Putting ourselves in someone else’s shoes requires tremendous amount of effort. We need to let down our guard, to feel the emotions they are feeling, to open ourselves up. In order words, we need to be vulnerable as well.

Raise your hand if you know people who are immensely judgmental. Without getting all the facts right, they jump into conclusions. I am no saint either. I too have times where I judge someone without even knowing what they have been through. This is because of our biological nature. Back in the caveman days humans require quick judgment in sensing danger. However, now that the world have industrialised, we have not shaken that innate trait off, and it is causing a lot of problems.

Even if we let our guard down and try to feel what people are feeling without any judgment, are we even good enough to communicate what we think in our own minds to them? To speak in a way that doesn’t raise their defence walls higher. To express our condolences and that we have experienced their pain once in our lives before.

What if we have yet to experience such sorrow?

Then we keep our mouths shut.

Empathy is a choice and it’s a vulnerable choice. In order to connect with you, I have to connect with something in myself that knows that feeling. Rarely, if ever, does an empathic response begin with, “At least…”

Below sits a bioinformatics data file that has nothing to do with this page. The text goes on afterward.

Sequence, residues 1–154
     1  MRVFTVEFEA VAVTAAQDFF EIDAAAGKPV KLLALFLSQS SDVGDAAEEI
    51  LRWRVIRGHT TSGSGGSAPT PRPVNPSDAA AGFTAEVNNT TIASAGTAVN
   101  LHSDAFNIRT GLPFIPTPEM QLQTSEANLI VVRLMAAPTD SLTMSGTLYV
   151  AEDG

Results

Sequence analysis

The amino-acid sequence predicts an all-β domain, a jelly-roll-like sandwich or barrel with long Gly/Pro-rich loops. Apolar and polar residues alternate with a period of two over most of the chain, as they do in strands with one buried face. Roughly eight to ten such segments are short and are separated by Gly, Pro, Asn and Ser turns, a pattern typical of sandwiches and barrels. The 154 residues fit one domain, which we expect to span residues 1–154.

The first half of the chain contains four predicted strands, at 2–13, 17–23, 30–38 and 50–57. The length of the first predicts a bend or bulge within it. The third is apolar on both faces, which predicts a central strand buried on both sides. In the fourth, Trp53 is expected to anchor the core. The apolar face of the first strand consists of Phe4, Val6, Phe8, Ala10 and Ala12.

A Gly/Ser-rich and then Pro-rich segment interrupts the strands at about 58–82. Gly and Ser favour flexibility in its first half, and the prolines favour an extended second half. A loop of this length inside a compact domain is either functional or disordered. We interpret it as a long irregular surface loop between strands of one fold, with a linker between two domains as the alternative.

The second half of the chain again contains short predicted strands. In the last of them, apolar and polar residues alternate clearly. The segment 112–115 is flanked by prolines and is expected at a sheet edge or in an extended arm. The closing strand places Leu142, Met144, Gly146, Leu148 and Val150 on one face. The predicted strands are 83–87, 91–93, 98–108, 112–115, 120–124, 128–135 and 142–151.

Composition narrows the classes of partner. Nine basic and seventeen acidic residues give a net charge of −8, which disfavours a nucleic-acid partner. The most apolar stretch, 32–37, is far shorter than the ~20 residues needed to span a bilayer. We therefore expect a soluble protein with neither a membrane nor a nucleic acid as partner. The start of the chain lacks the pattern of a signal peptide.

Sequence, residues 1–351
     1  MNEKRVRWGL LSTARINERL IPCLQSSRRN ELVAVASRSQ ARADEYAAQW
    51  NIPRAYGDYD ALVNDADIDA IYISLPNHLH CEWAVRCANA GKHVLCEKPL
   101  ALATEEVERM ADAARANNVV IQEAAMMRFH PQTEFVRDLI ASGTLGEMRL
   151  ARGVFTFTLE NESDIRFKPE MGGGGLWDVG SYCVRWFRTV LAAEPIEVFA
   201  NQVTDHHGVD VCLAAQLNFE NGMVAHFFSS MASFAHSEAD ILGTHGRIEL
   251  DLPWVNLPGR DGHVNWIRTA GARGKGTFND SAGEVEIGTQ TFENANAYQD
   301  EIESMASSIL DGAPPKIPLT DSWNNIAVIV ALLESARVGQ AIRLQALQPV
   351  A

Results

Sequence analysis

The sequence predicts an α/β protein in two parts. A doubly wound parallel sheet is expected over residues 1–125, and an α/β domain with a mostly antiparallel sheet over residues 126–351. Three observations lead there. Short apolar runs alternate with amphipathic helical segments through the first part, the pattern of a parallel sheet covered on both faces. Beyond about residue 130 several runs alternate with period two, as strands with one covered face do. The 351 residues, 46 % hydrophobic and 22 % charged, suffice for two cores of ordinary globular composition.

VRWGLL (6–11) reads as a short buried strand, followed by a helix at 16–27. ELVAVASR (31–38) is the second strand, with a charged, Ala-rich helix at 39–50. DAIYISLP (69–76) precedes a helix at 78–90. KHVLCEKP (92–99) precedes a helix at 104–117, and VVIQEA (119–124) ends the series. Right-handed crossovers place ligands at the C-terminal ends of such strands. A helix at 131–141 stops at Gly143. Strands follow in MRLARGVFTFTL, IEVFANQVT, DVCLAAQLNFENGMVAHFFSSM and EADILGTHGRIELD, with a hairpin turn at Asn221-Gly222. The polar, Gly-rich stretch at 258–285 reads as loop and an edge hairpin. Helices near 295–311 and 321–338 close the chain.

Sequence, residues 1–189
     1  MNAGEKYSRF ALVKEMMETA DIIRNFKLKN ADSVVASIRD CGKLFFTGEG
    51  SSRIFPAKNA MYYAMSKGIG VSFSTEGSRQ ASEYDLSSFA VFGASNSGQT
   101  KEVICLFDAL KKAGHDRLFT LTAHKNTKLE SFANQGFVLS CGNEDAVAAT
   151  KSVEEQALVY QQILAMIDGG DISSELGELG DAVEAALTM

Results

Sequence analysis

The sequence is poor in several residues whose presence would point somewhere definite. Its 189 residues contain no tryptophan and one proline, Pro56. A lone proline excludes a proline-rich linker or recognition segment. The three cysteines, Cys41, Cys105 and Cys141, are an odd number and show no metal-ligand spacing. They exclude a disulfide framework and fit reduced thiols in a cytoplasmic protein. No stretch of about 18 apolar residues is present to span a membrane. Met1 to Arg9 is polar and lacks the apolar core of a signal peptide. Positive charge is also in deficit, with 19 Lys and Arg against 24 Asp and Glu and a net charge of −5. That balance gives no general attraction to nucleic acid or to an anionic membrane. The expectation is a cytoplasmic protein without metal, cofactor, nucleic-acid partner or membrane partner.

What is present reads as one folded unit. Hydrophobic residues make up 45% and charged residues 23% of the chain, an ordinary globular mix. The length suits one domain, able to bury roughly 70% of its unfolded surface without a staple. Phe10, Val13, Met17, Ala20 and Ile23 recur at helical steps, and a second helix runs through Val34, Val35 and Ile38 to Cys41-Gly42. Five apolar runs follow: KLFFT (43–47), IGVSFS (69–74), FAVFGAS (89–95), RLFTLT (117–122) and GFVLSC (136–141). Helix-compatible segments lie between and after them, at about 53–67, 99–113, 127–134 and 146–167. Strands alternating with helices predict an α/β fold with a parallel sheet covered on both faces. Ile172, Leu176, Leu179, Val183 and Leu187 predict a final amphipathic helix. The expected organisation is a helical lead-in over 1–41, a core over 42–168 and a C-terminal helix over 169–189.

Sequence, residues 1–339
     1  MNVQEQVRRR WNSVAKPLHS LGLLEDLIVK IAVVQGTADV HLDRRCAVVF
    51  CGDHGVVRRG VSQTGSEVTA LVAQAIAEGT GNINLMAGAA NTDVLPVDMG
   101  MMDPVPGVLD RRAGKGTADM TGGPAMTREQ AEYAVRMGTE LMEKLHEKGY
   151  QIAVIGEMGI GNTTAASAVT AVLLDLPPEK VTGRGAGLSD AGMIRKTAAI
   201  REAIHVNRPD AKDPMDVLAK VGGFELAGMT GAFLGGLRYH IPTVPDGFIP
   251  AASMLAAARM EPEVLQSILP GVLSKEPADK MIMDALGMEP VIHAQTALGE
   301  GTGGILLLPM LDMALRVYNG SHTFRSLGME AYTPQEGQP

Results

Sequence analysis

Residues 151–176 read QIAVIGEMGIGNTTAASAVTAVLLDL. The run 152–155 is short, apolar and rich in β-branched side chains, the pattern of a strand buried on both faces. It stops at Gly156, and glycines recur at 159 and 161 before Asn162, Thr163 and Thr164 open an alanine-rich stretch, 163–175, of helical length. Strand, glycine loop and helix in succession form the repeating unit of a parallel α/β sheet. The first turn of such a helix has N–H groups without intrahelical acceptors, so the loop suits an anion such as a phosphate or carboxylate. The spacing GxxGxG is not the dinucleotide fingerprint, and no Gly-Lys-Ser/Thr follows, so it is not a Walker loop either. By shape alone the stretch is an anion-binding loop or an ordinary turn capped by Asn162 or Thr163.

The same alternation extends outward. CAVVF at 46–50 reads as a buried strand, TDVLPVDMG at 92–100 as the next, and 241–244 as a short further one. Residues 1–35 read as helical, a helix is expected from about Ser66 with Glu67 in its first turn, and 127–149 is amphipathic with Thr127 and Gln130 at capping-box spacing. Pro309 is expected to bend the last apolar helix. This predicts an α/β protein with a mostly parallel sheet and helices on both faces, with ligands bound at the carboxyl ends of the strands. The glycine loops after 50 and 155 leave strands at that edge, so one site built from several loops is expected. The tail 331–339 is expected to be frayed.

Here are some of the examples Brene gave:

They: “I had a miscarriage.”

I: “At least you know you can get pregnant.”

They: ”I think my marriage is falling apart.”

I: “At least you have a marriage.”

They: ”John’s getting kicked out of school.”

I: “At least Sarah is an A-student.”

Someone shared something with us that’s incredibly painful and we’re trying to “silver lining” it. I don’t think that’s a verb, but I’m using it as one. We’re trying to put a silver lining around it.

But this approach almost always doesn’t work. We try to sympathise by silver lining it and we end up making things worse. When trying to sympathise we may end up making the other person feel worse than they did before they approached us.

So don’t sympathise. Let’s empathise instead. Stop silver lining it. Let’s understand their plight. If we can’t, then let’s just keep our mouths shut.

Because sometimes the best thing we can do is just listen.